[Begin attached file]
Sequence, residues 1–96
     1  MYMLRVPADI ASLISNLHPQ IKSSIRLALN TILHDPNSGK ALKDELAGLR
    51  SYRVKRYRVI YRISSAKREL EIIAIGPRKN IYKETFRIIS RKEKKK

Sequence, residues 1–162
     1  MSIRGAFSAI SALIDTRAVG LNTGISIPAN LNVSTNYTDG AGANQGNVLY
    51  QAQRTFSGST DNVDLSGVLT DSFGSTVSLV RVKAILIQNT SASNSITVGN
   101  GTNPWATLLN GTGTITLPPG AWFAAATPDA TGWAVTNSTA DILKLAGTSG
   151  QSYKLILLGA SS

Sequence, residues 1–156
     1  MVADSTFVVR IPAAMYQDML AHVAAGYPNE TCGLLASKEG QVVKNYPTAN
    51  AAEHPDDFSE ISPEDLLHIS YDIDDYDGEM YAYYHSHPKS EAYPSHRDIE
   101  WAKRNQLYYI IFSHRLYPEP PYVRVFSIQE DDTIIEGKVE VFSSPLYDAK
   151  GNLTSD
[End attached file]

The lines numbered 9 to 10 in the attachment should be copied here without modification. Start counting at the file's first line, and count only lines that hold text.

Sequence, residues 1–156
     1  MVADSTFVVR IPAAMYQDML AHVAAGYPNE TCGLLASKEG QVVKNYPTAN